Scam Alert: AI Voice Deepfakes
The phone rings. You hear a panicked voice. It's your grandson. He says he's in trouble. He wrecked his car and he's sitting in jail. He needs your help, he says. He needs you to send money.
You're immediately concerned about your grandson, yet you're cautious. You've heard about grandparent scams, but this seems legitimate. The caller sounds just like your grandson. You recognize his voice.
Could this be a scam?
Thanks to voice cloning and other forms of artificial intelligence (AI), scammers have found new ways to defraud you. Their techniques get more sophisticated by the day.
The Federal Trade Commission has issued new warnings about con artists who use use AI to clone the voice of a loved one. This technology, know as deepfake, involves fabricated media that has been digitally altered.
Criminals don't need much to produce a deepfake audio file of your grandson's voice. All they need is a short audio clip of him speaking, which is easy to find on his social media accounts. When the scammer calls you, he’ll sound just like your grandson.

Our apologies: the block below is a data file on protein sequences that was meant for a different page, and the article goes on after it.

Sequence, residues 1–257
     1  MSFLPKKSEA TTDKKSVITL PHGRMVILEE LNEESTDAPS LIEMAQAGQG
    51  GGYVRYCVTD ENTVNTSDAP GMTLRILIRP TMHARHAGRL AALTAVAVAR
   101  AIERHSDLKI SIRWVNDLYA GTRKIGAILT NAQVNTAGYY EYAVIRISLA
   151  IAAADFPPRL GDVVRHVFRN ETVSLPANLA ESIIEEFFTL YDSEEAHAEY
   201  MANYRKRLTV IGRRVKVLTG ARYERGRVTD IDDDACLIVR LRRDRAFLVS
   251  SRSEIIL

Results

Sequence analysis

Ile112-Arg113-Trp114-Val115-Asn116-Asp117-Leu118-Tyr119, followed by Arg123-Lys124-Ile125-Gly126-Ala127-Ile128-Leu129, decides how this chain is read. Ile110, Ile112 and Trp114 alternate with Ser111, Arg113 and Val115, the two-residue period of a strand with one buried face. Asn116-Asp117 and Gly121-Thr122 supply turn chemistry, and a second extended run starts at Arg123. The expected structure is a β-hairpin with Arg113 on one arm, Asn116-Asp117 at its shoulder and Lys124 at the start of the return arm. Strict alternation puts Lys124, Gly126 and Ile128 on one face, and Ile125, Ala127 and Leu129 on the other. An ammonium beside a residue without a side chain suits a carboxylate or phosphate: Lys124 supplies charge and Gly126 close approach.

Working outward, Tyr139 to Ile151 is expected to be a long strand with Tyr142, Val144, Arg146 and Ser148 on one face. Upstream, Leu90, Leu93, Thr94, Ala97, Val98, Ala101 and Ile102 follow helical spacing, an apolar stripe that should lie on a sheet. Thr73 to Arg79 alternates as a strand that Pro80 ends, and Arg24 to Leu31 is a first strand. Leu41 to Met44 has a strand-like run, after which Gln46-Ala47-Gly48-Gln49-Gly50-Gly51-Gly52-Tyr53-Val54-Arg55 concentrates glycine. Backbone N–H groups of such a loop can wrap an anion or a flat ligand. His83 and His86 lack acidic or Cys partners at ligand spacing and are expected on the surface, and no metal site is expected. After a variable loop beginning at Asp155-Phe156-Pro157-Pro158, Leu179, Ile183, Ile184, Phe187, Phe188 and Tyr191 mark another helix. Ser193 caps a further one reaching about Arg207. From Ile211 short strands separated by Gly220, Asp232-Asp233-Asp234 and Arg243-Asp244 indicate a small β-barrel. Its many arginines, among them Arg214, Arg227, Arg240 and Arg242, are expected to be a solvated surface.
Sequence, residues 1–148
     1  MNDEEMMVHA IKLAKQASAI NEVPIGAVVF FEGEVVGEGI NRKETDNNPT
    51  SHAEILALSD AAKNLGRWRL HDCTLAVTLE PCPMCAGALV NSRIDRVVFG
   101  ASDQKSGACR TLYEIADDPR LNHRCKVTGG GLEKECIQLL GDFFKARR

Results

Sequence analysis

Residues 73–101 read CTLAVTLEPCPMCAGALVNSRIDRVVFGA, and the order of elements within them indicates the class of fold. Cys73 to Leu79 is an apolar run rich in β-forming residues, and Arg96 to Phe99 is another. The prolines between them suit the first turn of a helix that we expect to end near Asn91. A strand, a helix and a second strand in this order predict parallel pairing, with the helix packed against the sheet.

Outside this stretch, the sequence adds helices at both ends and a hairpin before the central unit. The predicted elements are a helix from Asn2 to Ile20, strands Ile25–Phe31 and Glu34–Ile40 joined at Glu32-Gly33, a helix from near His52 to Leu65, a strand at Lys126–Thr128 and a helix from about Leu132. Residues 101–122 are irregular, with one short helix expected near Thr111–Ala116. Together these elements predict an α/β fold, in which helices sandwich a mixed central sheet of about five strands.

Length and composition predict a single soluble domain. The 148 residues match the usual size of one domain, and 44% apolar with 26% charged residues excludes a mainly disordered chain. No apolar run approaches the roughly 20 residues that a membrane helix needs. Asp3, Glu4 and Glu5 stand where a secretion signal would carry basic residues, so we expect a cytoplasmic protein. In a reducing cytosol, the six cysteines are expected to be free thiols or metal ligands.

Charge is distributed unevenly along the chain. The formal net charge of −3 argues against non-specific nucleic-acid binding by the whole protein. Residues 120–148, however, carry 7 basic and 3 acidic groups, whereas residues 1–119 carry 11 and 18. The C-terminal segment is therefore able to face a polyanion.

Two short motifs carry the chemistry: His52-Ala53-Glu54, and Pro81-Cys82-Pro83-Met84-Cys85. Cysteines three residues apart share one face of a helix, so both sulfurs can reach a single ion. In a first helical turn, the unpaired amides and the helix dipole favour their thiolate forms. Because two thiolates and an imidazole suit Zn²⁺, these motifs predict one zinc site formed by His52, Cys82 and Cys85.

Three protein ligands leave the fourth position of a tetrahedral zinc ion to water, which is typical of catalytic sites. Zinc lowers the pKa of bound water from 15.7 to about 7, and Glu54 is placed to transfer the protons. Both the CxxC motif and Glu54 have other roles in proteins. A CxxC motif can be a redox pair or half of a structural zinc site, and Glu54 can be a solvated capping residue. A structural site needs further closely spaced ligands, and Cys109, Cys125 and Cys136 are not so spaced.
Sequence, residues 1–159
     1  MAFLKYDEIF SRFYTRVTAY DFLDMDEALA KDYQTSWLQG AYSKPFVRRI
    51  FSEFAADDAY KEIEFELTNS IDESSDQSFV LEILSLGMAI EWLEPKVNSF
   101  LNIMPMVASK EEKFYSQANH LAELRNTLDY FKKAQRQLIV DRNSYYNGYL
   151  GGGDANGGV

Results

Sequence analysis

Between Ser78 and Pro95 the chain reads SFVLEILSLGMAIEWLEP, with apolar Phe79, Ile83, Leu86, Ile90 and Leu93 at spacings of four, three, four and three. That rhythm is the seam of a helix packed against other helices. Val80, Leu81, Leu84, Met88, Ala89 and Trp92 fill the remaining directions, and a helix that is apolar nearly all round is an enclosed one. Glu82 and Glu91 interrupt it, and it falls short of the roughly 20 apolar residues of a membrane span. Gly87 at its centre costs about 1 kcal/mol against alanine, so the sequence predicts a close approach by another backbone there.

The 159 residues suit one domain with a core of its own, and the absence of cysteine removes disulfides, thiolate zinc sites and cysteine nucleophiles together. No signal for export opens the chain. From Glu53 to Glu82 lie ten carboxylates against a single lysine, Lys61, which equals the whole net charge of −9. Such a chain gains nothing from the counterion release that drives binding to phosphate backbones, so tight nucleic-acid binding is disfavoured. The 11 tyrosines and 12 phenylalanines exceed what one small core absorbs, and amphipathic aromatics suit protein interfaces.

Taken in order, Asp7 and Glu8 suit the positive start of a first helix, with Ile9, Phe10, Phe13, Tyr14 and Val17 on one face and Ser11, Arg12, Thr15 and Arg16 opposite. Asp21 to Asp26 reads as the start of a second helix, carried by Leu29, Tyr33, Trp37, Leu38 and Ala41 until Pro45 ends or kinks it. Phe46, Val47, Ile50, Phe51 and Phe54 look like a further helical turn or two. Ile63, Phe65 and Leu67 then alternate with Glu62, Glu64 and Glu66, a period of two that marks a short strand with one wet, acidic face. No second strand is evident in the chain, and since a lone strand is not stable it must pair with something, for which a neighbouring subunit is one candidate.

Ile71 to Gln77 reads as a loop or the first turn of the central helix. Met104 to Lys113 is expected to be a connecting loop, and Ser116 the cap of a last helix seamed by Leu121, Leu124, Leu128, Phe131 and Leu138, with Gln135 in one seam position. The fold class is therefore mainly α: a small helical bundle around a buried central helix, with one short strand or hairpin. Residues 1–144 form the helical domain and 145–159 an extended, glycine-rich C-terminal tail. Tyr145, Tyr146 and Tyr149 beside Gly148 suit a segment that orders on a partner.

It's scary, and it's the reality we live in today. Artificial intelligence is no longer a far-fetched idea out of a sci-fi movie. We're living with it, here and now.
How can you tell if a family member is really the one calling you or if it’s a scammer using a cloned voice?
Don’t trust the voice.
Call the person directly and verify their story.
Use a number that you know is theirs.
If you can’t reach your loved one, try to get in touch with them through another family member or their friends.
If the caller is asking for payment via gift cards, money transfers, and cryptocurrency, it's probably a scammer. Scammers ask for these kinds of payments because they are much harder to trace.
Don’t be pressured into an immediate response.
If you spot a scam, report it to the FTC at ReportFraud.ftc.gov.